The comments come in the wake of the Scottish Environmental Protection Agency (SEPA) yesterday (May 24) publishing the latest quarterly data for municipal waste and recycling rates, which covered the third quarter of 2010/11 (October to December 2010).
During the third quarter of 2010/11, Scottish councils achieved a 34% recycling and composting rate. This represents a very slight increase on the 33.8% achieved in the same quarter in 2009/10.
And the figures, which are based on data submitted by all 32 councils in the country, also show that a 37.8% recycling and composting rate was achieved for the year ending December 2010. The rolling year model aggregates the four previous quarters and is intended to eliminate seasonal fluctuations.
And, while the 37.8% figure is an improvement on the 36% achieved in the 2009 calendar year, it is still some way short of the 40% goal outlined as the first major target of the Scottish Government’s Zero Waste Plan, which was published in June 2010 (see letsrecycle.com story).
It had been anticipated that Scotland would struggle to achieve the 40% goal, as recycling and composting rates had begun to slow from quarter-to-quarter and, in May 2010, SEPA went as far as to say that the targets would be challenging (see letsrecycle.com story).
This message was reiterated this week by a Scottish Government spokeswoman said: “Ten years ago, before we started on our journey towards zero waste, few thought 20% recycling was possible, so achieving almost double that is excellent progress.
“The recycling targets set out in Scotland’s Zero Waste Plan are deliberately challenging, but they represent the direction of where we as a society need to go.”
The spokeswoman added that many householders in the country now “actively recycle” and said that many local authorities are continuing to make “great efforts towards zero waste” despite currently experiencing a “drastic budget squeeze”.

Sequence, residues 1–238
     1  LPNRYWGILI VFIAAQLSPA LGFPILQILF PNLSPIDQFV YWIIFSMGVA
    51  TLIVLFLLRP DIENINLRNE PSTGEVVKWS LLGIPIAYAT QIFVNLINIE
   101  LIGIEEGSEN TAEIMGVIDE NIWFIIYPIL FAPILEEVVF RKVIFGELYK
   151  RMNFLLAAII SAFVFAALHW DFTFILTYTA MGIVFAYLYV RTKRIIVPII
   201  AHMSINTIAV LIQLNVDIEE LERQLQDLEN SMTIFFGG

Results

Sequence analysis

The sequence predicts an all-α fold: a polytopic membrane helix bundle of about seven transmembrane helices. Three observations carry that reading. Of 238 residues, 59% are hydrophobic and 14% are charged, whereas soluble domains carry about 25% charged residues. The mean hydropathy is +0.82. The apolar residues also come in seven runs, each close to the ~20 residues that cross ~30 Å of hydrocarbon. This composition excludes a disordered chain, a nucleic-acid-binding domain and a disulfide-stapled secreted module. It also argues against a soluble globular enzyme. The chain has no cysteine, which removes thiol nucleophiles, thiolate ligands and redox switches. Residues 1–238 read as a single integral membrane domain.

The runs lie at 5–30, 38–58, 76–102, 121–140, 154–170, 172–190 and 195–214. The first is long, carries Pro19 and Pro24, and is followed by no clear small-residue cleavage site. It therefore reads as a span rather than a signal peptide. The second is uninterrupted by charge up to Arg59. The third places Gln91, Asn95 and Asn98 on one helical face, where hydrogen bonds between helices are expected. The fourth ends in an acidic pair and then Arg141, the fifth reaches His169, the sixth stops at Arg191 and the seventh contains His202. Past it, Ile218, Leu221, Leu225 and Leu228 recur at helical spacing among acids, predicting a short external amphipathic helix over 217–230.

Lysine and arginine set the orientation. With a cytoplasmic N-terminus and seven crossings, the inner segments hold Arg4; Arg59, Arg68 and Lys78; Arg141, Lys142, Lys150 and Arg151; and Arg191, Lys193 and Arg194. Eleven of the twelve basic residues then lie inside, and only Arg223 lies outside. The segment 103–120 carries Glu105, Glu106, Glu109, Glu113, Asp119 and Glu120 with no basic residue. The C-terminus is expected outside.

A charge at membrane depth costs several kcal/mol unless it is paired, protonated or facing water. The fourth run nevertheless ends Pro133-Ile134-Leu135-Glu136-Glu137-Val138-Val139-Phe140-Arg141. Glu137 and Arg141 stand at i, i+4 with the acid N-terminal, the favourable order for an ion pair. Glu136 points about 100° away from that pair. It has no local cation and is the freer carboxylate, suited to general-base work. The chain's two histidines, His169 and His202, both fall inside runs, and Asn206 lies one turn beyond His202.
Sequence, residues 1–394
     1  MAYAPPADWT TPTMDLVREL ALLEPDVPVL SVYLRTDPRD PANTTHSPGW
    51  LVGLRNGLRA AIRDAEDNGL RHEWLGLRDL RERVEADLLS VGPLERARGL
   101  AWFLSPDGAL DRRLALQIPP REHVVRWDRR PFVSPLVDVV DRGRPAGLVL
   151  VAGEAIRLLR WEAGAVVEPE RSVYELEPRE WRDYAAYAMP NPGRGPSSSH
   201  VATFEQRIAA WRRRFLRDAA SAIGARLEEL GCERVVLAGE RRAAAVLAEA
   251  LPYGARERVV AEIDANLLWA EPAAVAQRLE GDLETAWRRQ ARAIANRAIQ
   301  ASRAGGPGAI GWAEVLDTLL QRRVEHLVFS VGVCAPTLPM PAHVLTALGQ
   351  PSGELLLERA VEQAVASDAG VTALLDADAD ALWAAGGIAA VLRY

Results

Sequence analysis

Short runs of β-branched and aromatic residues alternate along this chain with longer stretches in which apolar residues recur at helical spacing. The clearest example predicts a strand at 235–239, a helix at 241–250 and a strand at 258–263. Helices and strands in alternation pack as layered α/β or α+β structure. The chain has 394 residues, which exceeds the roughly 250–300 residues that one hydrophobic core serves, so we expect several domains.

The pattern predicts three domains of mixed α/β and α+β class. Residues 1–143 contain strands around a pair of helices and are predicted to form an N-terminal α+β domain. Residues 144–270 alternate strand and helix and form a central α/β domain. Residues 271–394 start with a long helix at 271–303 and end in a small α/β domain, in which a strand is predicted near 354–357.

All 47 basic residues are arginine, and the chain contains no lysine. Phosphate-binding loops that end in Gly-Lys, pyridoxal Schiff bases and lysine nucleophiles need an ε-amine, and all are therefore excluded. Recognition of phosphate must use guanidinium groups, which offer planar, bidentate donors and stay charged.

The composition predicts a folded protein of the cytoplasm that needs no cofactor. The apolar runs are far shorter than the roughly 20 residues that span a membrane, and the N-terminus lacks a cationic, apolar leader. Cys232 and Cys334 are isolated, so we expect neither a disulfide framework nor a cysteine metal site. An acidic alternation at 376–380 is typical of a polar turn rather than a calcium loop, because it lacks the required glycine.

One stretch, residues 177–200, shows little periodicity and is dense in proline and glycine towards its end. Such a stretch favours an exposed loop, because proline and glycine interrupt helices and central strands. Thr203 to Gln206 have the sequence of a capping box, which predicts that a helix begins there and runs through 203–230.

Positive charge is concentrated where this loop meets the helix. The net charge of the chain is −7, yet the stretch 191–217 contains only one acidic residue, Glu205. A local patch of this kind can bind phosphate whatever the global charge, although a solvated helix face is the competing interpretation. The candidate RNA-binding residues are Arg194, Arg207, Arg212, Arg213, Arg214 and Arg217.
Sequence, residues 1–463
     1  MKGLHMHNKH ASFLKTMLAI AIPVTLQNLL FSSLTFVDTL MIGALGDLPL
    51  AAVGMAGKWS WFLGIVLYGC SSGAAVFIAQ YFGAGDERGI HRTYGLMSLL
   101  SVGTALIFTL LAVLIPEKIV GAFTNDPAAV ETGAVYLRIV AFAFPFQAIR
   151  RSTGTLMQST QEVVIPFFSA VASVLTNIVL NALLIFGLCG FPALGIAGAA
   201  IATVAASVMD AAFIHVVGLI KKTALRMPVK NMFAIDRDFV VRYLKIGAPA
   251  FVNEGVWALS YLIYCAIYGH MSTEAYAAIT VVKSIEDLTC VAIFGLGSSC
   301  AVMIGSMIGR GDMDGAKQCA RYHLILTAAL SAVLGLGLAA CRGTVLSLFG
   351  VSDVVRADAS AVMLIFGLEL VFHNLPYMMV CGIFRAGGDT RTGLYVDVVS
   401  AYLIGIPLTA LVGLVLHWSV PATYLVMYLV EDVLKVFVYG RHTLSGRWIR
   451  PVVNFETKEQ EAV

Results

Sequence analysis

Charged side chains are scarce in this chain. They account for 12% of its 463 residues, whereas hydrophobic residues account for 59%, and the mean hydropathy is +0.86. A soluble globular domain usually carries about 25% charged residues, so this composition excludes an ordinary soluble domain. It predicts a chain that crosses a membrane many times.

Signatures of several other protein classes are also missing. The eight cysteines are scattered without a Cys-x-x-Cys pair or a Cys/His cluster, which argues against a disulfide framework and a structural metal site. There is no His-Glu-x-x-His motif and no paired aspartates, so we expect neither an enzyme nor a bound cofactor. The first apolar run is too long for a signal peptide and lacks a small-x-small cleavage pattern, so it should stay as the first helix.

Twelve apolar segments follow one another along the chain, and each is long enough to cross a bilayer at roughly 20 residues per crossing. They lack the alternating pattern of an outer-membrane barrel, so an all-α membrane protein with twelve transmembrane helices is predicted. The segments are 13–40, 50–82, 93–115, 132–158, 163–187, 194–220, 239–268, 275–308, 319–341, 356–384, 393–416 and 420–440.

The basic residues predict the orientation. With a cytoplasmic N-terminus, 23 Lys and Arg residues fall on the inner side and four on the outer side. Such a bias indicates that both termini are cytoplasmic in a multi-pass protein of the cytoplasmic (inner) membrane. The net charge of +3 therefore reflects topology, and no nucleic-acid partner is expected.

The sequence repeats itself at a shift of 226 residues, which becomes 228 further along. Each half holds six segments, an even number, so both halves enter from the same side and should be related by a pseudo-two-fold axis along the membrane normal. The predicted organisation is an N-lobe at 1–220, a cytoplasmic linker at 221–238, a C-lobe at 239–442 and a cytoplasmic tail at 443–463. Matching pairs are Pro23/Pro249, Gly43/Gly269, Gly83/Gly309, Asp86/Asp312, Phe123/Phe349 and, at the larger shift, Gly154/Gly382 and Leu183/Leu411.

The year-ending figures indicate that there has been a reduction in the amount of material collected for recycling in the country, which fell by 85,942 tonnes to 3,129,821 tonnes between the year ending December 2009 and the year ending December 2010.
Commenting on the fall in available material, Gary Walker, waste unit manager at SEPA’s national waste team, said: “The fact that more waste is being composted and recycled at the same time as less waste is being and less waste is being landfilled, shows that the concept of reduce, reuse, recycle is increasingly becoming part of Scotland’s way of life.”
Elsewhere, the figures show that the amount of material landfilled in Scotland fell from 1,959,022 tonnes for the 2009 calendar year to 1,850,716 tonnes for 2010 calendar year – a fall of 108,306 tonnes over the 12 months.
Furthermore, the amount of biodegradable municipal waste, such as garden and food waste, sent to landfill fell from 1,117,438 tonnes in 2009 to 1,109,689 tonnes for the 2010 calendar year.
On individual council performance, Clackmannanshire council achieved the highest recycling and composting rate for the rolling year with a 48.9%. This was ahead of Falkirk with 47.4% and Fife, which achieved a 47% rate.
At the other end of the table, the Shetland Islands (19.7%), Eilean Siar (20.7%) and Glasgow city council (23.8%) continued to be comprise the lowest performing councils.